“The truth will set you free. But first, it will piss you off.” –Gloria Steinem
I’m realizing that there’s an implicit trend in some of the things I write about on this blog, which is truth-telling. For whatever reason, I feel compelled to say things here that aren’t always easy or comfortable to say in public. But I value coming right out with it when there’s an unspoken reality hanging around, so I think I’ll keep it up. I really admire Jerry Almonte for telling the truth on his blog and not shying away from the consequences, good or bad. What I have in mind today is more about calling out myself than other people, though. There are important benefits to truth-telling, but it can also be dangerous or unpleasant, as we all know. The epigraph to this post from kick-ass feminist Gloria Steinem really gets at it: sometimes the truth will piss you off before it will set you free.
A few weeks ago at Lone Star Championships, I learned a truth that pissed me off. I entered two contests—the All-Star Jack & Jill and the Advanced Strictly Lindy—and made finals in neither. This was disheartening but not infuriating. The part that really killed me was looking at the score sheets on Sunday night and not finding my name on the prelims sheet for the Jack & Jill. My first thought, I confess, was that there had been some kind of clerical error and the judges never got my name or number. I almost went looking for someone to confront about it when I took another hard look at that prelims sheet and the realization hit me: I didn’t even get a “2.”
What’s a “2?” For those of you less familiar with the details of competition lindy hop, judges give competitors in prelims either a “1” (first choice) or a “2” (alternate) to indicate which dancers they believe should be in the final. If a judge doesn’t give you a “1” or a “2,” it means they didn’t think you should even be considered as back-up for the final. Not one of the three prelims judges had ranked me to advance. And not one of them had even made me an alternate.
I didn’t dance poorly. I’ve seen the video, and I know what it felt like out there. There are Jack & Jills where you walk off the floor and you know it just wasn’t your dance, you weren’t connecting with your partner, the magic didn’t happen. This contest didn’t feel like that. It was fine. In fact, it might have even been pretty good. I know that contests are subjective, every judge is looking for something different, one contest result is no indication of one’s overall skill as a dancer, blah blah blah, but let’s face it—losing sucks. Losing when your own evaluation of yourself was “hey, pretty good” is an additional level of suckiness. If I had been dancing against other followers who I considered to be far and away better than me, that would be one thing, but I thought my fellow competitors and I were all about the same skill-level.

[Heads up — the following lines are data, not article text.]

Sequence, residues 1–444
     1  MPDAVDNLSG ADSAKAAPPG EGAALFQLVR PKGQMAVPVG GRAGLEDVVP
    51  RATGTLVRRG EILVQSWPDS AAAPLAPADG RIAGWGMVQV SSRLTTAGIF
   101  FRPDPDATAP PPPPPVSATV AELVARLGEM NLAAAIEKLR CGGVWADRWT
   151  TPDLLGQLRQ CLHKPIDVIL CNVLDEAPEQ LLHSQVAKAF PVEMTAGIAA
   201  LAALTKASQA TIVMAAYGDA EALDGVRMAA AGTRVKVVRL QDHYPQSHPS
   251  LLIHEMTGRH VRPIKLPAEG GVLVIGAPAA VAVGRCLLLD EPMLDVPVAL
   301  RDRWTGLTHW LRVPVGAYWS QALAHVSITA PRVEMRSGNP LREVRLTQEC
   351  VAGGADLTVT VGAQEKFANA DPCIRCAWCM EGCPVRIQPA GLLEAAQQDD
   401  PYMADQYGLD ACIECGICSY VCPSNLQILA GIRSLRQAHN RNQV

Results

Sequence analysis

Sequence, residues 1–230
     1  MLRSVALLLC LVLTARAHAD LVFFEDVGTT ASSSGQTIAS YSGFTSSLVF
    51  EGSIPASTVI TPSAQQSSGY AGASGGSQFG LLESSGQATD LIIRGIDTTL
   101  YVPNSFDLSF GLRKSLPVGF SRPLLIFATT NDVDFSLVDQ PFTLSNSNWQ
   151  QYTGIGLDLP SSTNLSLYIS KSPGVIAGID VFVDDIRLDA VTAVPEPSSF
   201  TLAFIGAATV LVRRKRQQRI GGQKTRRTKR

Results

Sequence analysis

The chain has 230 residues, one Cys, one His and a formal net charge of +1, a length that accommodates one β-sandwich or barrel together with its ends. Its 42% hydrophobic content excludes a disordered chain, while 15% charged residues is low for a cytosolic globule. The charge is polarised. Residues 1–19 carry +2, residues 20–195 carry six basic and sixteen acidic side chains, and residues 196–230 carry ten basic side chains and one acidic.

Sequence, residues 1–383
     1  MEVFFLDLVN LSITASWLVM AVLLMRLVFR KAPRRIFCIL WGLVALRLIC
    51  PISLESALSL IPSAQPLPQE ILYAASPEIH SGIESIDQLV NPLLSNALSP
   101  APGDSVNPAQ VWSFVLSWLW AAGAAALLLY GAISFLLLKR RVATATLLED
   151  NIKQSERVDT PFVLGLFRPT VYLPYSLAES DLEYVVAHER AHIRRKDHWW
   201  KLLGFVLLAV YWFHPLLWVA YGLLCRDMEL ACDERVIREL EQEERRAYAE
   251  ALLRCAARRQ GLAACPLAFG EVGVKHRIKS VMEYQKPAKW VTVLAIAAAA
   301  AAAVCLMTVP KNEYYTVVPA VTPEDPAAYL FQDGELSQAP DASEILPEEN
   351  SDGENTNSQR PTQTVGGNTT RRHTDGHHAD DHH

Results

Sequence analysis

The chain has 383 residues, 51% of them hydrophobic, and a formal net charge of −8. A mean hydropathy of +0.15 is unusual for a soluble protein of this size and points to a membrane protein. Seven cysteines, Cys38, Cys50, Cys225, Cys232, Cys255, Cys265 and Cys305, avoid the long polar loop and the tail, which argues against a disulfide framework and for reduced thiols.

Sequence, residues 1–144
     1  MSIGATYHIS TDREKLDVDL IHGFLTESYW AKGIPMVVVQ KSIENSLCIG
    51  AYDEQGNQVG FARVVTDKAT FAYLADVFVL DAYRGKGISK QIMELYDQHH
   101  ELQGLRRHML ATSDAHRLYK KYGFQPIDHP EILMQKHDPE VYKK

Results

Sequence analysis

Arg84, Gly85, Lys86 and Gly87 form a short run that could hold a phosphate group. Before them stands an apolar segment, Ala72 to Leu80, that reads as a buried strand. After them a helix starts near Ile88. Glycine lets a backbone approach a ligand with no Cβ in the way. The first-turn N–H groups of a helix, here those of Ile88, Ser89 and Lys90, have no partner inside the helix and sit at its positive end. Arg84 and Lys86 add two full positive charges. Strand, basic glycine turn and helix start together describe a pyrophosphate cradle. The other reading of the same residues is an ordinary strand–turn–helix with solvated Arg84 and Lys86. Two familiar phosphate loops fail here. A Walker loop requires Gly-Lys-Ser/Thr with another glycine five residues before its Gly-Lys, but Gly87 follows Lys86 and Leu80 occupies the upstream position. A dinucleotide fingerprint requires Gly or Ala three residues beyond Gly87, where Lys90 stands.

So what do you do with that? Not even a “2.” Here’s what I did: I threw myself a pity party for a few hours, commiserated with some friends, shook myself out of it, and finished up by having a fun time at the late night.
But I’m the kind of person who reflects, who turns things over, who keeps asking questions (no wonder I became a philosophy Ph.D.), so here it is a few weeks later and—obviously—I’m still thinking about it. However, now I’m thinking about it in a way that’s actually helping me a lot.
Every now and then after major dance events where I suffer a disappointment or a frustration along these lines, I start asking myself what separates me from the dancers I think are truly great and who I admire and look up to. (Answer: a lot. But I mean, I try to get into specifics.) This happened a few years ago at ILHC 2008, when I realized I wasn’t looking my partners in the eye. So now I do that, and I get to enjoy dancing with someone instead of just dancing in front of someone. From Lone Star 2011, I’ve decided that in order to really succeed in competitions, I’m going to have to push myself to develop my dancing in certain directions. (The short version of what I’m working on now is: control, texture, and what I can only describe as “stage presence.”)
The point of all this isn’t really to say anything about Lone Star, or about competing, or judging, or any of that. What I’ve actually come around to is that experiences like the one I had a few weeks ago (one might characterize it bluntly as being “taken down a notch”) can often be catalysts for really motivating me to work on myself and to own my dancing. When you’ve been dancing a long time and improving a long time, eventually you stop getting so much out of classes or workshops, or even private lessons, and you start holding yourself to your own standard instead of relying so much on others to tell you where you stand. But along with this progress often comes a plateau. Now you don’t have other people telling you “oh, clearly you need to work on X.” You’ve got to figure that out for yourself. And then you’ve got to figure out how to work on it yourself. And then you’ve got to motivate yourself to work on it. Et cetera.
Not to say this is a lonesome activity. Recruiting friends and practice partners is extremely helpful, and that’s what I’ve been doing for many years. But I find that it’s often not until something really gets under my skin, really motivates me personally to want to work hard and put the time in, that I start reserving studio space and calling up dance partners to “work on stuff.”
So ultimately I’m not taking the fact that I didn’t even get a “2” as some kind of pronouncement on my value or skill as a dancer forever and ever amen. But I am taking it as a bit of a kick in the pants to get up off this plateau and start the slow climb up to the next level, where I’m the lead climber and it’s on me to get myself up there. So, yeah, at first I was pissed. But I’m pretty sure now that this is going to help set me free.